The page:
Nosemonkey's EUtopia

In search of a European identity

Doing the math

Was having a chat in the pub last night with a friend of mine, who seems pretty upbeat about Kerry’s chances come November. He’s been ‘doing the electoral college math’ and finds the good senator from Massachusetts coming in with 276 of the electoral college – 270 being the magic number assuring the presidency.
So what is the electoral college? Like the British first past the post system, the nationwide tally of votes (the popular vote) is not the factor that decides elections (as any Democrat will tell you, Al Gore received around 500,000 more votes nationally than George Bush). If a party secures the majority vote in a state, it then secures that state’s number of electoral college votes. These are weighted according to population, so North Dakota (for example) carries only 3 electoral votes as opposed to 34 for Texas. On election night, as the states’ results come in, the totals are added up and first man to 270 wins.
Things get interesting when it comes to the weighting and to the swing states. an old article from thecarpetbaggerreport points out that the GOP enjoy a natural constituency of some 199 electoral votes from 21 states with solid Republican voting records. The Democrats have only one ‘firm’ state – Minnesota (. However, they also have strong support in New York, California and Illinois – three key states, with California wielding a whopping 55 votes.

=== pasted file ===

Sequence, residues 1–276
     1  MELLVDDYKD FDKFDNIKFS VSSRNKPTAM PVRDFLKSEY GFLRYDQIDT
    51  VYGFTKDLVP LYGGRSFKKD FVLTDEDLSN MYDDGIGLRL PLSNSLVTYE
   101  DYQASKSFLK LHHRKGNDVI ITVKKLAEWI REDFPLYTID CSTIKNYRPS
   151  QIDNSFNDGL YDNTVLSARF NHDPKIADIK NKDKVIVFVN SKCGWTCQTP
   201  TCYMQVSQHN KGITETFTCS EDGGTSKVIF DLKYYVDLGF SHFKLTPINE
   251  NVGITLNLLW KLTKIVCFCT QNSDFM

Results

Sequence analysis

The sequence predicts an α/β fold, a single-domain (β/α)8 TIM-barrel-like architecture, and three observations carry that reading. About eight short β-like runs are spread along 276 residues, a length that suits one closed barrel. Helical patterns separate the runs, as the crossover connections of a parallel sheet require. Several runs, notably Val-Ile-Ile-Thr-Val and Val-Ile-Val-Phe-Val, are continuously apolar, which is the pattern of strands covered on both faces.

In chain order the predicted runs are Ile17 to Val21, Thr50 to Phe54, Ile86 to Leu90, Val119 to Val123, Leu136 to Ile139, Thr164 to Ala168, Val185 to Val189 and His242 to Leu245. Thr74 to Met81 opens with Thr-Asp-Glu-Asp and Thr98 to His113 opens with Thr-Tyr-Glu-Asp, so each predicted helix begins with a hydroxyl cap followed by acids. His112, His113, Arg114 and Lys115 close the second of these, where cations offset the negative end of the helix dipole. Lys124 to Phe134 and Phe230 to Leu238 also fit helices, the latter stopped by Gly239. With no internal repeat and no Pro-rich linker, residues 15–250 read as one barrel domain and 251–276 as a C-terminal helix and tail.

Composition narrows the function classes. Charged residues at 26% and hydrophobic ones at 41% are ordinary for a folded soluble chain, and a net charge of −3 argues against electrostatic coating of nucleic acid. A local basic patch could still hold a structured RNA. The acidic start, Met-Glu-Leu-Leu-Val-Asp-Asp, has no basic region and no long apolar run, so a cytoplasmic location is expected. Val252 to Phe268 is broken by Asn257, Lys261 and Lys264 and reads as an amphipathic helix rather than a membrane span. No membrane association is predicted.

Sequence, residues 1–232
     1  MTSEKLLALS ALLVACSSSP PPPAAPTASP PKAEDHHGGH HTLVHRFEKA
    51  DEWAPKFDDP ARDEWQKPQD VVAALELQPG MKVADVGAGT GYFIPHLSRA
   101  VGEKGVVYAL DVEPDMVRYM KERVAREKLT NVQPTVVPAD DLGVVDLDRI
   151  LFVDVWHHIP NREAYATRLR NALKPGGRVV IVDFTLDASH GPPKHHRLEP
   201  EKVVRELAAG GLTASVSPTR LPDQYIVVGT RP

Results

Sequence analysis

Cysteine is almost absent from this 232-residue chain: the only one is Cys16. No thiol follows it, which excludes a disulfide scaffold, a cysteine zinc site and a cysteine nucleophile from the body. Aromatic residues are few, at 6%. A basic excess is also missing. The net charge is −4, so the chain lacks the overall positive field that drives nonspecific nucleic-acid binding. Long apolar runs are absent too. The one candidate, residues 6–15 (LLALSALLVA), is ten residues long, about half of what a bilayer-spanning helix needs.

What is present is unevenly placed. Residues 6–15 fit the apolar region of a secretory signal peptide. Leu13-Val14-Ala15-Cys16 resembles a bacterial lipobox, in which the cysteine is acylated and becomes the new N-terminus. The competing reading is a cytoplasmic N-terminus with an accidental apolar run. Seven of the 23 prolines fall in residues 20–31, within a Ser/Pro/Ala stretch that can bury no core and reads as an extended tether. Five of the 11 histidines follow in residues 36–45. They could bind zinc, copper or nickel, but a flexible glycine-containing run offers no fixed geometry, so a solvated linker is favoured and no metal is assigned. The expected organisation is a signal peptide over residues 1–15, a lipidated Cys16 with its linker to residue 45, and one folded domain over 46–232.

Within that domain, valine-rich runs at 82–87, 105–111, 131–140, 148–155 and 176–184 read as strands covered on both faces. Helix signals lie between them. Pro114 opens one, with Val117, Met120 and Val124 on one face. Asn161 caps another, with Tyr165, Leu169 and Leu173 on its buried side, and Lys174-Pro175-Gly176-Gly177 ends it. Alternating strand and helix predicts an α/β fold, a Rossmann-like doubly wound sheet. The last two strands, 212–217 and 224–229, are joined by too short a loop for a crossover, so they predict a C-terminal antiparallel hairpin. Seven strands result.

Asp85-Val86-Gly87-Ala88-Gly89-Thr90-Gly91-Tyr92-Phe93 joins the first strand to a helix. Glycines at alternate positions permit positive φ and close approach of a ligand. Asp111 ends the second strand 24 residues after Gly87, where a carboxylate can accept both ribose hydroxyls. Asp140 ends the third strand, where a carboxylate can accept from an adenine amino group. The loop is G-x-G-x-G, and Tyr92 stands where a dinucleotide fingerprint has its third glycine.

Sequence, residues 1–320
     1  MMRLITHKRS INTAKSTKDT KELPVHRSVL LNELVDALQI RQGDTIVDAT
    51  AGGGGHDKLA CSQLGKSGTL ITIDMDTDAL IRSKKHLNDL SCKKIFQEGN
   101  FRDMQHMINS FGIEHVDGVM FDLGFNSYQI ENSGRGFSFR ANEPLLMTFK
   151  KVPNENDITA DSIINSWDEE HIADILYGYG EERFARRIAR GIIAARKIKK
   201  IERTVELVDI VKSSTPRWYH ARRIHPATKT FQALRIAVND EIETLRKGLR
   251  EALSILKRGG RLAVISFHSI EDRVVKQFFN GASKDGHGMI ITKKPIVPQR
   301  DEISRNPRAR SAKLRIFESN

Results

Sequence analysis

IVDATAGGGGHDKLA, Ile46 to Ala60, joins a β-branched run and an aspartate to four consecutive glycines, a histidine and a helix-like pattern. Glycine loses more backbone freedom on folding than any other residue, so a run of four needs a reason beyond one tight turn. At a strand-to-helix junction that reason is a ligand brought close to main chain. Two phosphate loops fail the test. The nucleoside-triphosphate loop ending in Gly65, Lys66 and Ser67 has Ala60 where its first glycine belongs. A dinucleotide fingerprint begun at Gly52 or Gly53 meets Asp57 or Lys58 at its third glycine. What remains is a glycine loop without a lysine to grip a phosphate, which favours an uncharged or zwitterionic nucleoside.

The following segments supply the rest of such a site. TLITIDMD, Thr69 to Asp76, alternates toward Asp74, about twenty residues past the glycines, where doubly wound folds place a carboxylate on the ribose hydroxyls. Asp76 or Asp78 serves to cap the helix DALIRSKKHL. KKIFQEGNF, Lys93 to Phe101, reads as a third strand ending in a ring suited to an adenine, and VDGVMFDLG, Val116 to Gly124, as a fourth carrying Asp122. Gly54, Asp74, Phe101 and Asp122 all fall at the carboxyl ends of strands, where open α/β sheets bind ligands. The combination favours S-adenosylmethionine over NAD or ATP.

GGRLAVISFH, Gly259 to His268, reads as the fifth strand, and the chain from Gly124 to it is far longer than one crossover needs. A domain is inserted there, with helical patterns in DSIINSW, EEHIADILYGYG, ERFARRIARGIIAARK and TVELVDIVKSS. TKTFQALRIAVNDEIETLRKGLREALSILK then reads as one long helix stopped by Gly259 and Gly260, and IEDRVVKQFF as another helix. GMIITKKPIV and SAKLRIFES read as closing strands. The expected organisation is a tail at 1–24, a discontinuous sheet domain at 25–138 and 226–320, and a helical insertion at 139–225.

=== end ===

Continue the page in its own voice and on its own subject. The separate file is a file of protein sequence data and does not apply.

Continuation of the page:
Then come the swing states. As this handy NYtimes interactive map shows this is where the balance of power lies. National polls show Bush with a strong lead after his New York convention, but in these key states opinion is more evenly split.

EDIT: Moves in Colorado to change the state constitution could have far-reaching implications. Colorado would then become the third state (with Maine and Nebraska) to award only the first two electoral votes to the overall winner, with the other votes being allocated on the basis of the results from the state’s congressional district. A major headache for pollsters perhaps, but also a way to get closer to a democratic resolution.

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